When researching her book The House of Hidden Mothers, Meera Syal discovered that surrogate mothers in India are the most exploited, and most become surrogates because “they have nothing else of value they can sell, they don’t have education, they don’t have any money.” Indians called for regulation of the surrogacy industry in India, and when the government listened, we were all hopeful. The Surrogacy Regulation bill was drafted, and now it has been cleared by the Cabinet. But there are far too many problematic aspects to be truly happy about it. Commercial surrogacy has been criminalised by the Bill, which may sound like a good thing, but isn’t really.
“Unmarried couples, single parents, live-in partners and homosexuals cannot opt for surrogacy as per the bill. Legally wedded couples, who have been married for at least five years, can opt for surrogacy,” said Sushma Swaraj, Minister of External Affairs.
While homosexuality is still criminalised in India, they won’t have any rights, least of all the right to have children. That’s a separate debate altogether, but what about single parents or live-in partners? If they’re legally allowed to adopt children, why are they not allowed to have children via surrogacy? It’s not like they’re completely being denied the right to have children, they’re being denied the right to have biological children.
When one says “legally wedded couples, who have been married for at least five years” are the only ones eligible to have children through surrogacy, it simply implies that those in happy, non state-sanctioned relationships are not capable of raising children. Because somehow, a piece of paper binding two people together makes them capable of the task. In reality, this has nothing to do with children, it is simply the state’s attempt to ensure that the institution of marriage is looked at as more sacred and legitimate in society.
Sushma Swaraj also said, “We do not recognise live-in and homosexual relationships, that is why they are not allowed to commission babies through surrogacy. This is against our ethos.” Laws have nothing to do with ethos, so maybe our policy makers could try setting their moral standards aside when creating policies.
If you fulfil the government’s moral standards, and you’re a heterosexual couple who have been married for five years, you may still not be eligible. You need to have “proven infertility” to be eligible. You can’t pay the surrogate anything, besides paying for any and all of her medical bills, making this a purely altruistic act. But the surrogate has to be a “close relative.”
At this point, two people have already dealt with the emotional trauma of discovering that they cannot have children themselves. And then they have to go through additional trauma and hassle trying to find a “close relative” who will agree to carry their child. Logic is obviously not the government’s best friend.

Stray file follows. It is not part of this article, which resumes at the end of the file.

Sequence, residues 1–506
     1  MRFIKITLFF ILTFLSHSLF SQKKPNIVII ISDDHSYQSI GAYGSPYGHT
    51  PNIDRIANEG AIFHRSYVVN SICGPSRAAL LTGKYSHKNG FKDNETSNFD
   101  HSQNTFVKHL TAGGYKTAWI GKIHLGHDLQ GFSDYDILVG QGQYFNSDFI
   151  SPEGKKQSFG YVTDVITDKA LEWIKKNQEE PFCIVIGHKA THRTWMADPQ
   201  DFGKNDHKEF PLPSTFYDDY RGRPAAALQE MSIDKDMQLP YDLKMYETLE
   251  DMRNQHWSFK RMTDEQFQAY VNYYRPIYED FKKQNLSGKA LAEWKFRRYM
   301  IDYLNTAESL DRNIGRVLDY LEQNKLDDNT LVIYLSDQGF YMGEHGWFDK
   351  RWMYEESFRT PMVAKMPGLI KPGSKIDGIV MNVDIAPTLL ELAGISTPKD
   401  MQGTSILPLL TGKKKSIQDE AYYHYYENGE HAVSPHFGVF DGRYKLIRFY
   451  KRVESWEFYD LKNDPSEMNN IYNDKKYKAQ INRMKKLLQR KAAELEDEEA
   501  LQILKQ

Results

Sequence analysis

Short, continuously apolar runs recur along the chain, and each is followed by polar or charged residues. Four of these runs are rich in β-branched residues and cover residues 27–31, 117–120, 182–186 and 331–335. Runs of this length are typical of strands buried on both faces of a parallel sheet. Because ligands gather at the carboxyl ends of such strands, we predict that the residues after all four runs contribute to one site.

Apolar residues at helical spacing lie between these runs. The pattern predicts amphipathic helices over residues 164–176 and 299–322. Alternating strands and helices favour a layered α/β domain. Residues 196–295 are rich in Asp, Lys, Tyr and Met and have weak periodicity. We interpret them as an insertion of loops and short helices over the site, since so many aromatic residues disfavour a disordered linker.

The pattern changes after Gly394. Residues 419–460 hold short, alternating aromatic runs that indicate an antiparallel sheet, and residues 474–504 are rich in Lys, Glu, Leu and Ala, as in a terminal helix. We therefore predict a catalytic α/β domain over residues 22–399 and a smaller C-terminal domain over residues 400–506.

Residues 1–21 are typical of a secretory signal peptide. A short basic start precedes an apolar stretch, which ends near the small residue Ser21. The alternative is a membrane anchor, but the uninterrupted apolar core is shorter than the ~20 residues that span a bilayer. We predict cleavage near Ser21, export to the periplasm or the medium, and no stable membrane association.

“Foreigners as well as NRIs and PIOs who hold Overseas Citizens of India (OCI) cards have been barred from opting for surrogacy,” said Sushma Swaraj. This is because “divorces are very common in foreign countries.”
Once again, foreign couples are allowed to adopt in India. So why can’t they have a child by surrogacy? Yes, it’s true that there are several malpractices that take place, like couples abandoning children with genetic or physical abnormalities. But this can very easily be addressed by regulating surrogacy laws, not preventing foreign couples from having any kids. What this will do, is ensure that surrogacy becomes a thriving black market.
How is it okay to say “divorces are very common in foreign countries”? If we’re not okay with being generalised as a country of snake charmers and godmen, we have no right to say “divorces are very common in foreign countries.” Even if they were common, what does Swaraj want exactly? That a couple stay in an unhappy marriage because divorce somehow makes them bad parents?
The surrogate has to be a married woman, who has already borne a healthy child before.
Why does the surrogate need to be married? Why does she need to have had a child already? How are any of those things related to her bearing a child?
The constant stress on marriage is another way in which the government is imposing a certain moral code and conservative values on citizens.
Rubbishing of paternity leave & new surrogacy law show this is our most socially conservative govt yet, re-establishing old gender equations— Shekhar Gupta (@ShekharGupta) August 25, 2016
Surrogacy Bill needs a re-look. Categories of people excluded from surrogate parenthood is too large. Don’t deny them happiness.— Swapan Dasgupta (@swapan55) August 25, 2016
The new surrogacy law increases the power of the nanny state. It should be up to women to decide if they want to be surrogates.— Tavleen Singh (@tavleen_singh) August 25, 2016
.@VidyaKrishnan Another specious argument. Married couples are allowed to adopt as well. So why bother allowing them to go in for surrogacy?— Siddharth (@svaradarajan) August 24, 2016
While some people are saying that those not allowed to have a child via surrogacy are allowed to adopt, we’d like to point out that married couples are also allowed to adopt. So why is it that they have more rights, as far as it comes to raising children? By telling every couple outside the ambit of heterosexual married relationships that they are ineligible to have children via surrogacy, this Bill becomes the government’s way of rejecting their existence. Marriage does not automatically give you great parenting abilities—it’s time our extremely regressive government understood that.